Moving Together to Reduce the Risk of Falls
Dance is for everybody. I believe it came from the people and it should always be delivered back to the people. – Alvin Ailey
Verine Morris, 42, has spent more than a decade with a fear of falling. Wheelchair-bound for 10 years after a nasty fall at work, followed by a terrifying car accident, she decided she needed to overcome her anxiety and learn how to move independently again. This epiphany led Morris to Celeste Carlucci’s New York City-based classes, Fall Stop MOVE STRONG
Carlucci, a former Alvin Ailey dance student who performed with Broadway’s legendary choreographer Bob Fosse (Chicago, Cabaret), has spent more than 20 years as a fitness and wellness expert teaching movement and body strengthening. Her fall prevention-designed class technique was created primarily to help those over 50 focus on proper alignment, posture and what she calls “the joy of movement.”
Fall Prevention Through "Fun and Community"
It is this last element that draws so many older adults — most of whom are in their 60s, 70s, 80s and even 90s — to her weekly classes. Or as Carlucci states,
(Morris is more than a decade younger than the average student in Carlucci’s classes. But she says the older students have become both friends and mentors and she finds her older dance mates “inspiring — I want to be able to move like them when I’m 90.”)
We keep up with exercise when it’s joyful and not spoon-fed medicine. That is what makes these classes unique — it’s the sense of fun and community.”
A good teacher is an entertainer and that is what Celeste delivers — great entertainment that makes us forget about age for a while,” says Tom Grubb, 76, who has been taking her classes for the last five years.
Every year, 2.8 million older Americans are treated in emergency departments every year and 800,000 patients are hospitalized because of a fall injury.
A physician directed Grubb to Carlucci’s classes after Grubb fell and broke his arm. He had been walking his dog on a Manhattan street that was slippery with melting snow. He also had balance problems.
As a pianist and music teacher at The Juilliard School, Grubb says,
I understand that nothing gets better without practice, so I have dedicated myself to the routine of taking Celeste’s classes twice a week. One thing I like is that Celeste doesn’t treat us like old people.”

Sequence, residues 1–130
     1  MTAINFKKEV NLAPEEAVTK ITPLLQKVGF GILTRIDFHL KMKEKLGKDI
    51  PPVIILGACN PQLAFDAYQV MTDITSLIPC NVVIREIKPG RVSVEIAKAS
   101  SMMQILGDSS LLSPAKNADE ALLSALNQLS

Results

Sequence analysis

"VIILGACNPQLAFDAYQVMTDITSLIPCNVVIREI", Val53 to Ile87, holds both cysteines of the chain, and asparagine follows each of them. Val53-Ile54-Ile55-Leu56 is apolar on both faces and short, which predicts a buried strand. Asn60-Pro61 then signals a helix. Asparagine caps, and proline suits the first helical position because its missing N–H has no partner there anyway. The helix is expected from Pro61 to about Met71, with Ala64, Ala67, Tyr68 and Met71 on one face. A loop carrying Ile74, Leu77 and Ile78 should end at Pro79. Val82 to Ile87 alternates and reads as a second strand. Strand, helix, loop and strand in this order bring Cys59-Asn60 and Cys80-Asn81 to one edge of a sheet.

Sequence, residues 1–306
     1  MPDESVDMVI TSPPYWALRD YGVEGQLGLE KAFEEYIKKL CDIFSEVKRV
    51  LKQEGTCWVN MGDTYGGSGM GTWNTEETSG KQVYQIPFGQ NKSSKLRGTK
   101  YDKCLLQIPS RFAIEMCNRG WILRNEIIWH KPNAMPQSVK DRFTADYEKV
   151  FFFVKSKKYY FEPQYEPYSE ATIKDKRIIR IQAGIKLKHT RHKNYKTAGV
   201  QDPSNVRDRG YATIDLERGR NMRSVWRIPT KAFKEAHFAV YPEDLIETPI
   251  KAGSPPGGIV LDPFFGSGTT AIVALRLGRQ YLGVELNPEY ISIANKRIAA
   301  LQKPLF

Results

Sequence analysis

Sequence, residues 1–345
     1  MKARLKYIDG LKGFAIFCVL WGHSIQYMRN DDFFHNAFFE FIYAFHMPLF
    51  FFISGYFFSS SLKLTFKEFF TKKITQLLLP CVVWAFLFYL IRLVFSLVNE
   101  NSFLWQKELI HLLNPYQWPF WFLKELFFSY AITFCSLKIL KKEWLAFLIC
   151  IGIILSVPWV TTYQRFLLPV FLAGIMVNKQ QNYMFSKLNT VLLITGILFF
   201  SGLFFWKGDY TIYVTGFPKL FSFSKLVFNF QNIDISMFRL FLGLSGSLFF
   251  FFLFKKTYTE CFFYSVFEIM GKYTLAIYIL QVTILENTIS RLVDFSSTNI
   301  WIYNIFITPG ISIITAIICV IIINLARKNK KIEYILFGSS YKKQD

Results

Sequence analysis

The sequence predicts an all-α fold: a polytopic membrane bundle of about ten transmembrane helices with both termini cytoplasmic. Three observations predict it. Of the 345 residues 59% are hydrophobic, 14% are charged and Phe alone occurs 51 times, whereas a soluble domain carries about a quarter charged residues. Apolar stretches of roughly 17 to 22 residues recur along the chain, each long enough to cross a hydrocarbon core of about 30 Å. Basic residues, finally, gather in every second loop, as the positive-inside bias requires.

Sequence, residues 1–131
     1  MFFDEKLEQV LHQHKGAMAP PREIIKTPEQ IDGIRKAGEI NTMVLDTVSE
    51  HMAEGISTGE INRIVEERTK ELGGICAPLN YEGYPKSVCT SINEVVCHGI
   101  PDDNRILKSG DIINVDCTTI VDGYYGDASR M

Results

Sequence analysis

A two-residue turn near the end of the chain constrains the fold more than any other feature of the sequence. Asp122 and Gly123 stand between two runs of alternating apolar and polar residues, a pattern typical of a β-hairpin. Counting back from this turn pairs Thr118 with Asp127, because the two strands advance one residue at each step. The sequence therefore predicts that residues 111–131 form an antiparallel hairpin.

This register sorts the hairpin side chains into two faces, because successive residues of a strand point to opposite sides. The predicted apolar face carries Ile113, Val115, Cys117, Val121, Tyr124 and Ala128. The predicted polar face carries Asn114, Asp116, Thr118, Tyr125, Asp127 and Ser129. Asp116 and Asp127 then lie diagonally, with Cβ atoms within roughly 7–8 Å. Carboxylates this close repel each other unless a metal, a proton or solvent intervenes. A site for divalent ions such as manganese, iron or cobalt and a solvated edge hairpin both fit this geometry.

While the Fall Stop MOVE STRONG classes average a ratio of 10-to-1 women to men, a study showed men over 50 are more likely to fall than women of the same age.
All Too Common
Every year, 2.8 million older Americans are treated in emergency departments and 800,000 patients are hospitalized because of a fall injury, according to the Centers for Disease Control and Prevention (CDC). In fact, more than one out of four older people fall each year. But less than half tell their doctor.
Falling once can double the chance of falling again, according to research from the Fall Prevention Center of Excellence at the University of Southern California Andrus Gerontology School.
Often, older adults who have fallen restrict their activity by not leaving the house. Yet statistics show 55 percent of falls among the older population occur in the home.
Fall Season Means Falls Prevention
While health professionals say falling is not a normal part of aging, the causes for falling — especially as we age — can include: trip hazards in the home (such as throw rugs, poor lighting, lack of grab bars in bathrooms); medications that cause dizziness and poor vision or hearing.
However, the most important risk for falling is lack of good balance, strength and flexibility, which makes finding an appropriate exercise (or other) program to address these physical issues imperative as we grow older. In fact, the CDC website states that, “When a person is less active, they become weaker and this increases their chances of falling.”
Starting on Sept. 22 (the first official day of fall) and running through Sept. 28, awareness campaigns on preventing falls are promoted across the country, many of them at the 26,000 local senior centers and supported by the National Council on Aging (NCOA).
As one of NCOA’s Healthy Aging initiatives, this is the ninth year of the National Falls Prevention Awareness program. It encourages local social and community-based services to offer activities educating older adults on falls prevention. The NCOA provides resources and information through its Falls Prevention Resource Center.
Finding Power in the Body and the Community
Morris says that after taking Carlucci’s classes, her fear of falling has diminished and she now has the courage to take risks.
In fact, risking getting out of the wheelchair is a goal she has accomplished. Morris now frequently walks without assistance around her Manhattan neighborhood and told me, “I hear Celeste’s voice when I’m walking on my own and I feel empowered. I have my freedom back.”
Morris has lost 57 pounds since starting the falls prevention classes a little over a year ago. But the more important achievement, she said, is conquering her anxiety about falling.
Celeste is a godsend,” added Morris. “I spent 11 years living in fear and in a wheelchair but these classes have challenged my body to work hard and I’ve gain a renewed confidence in exactly what our bodies are made to do. And with my new friends at these classes, I am not alone anymore.”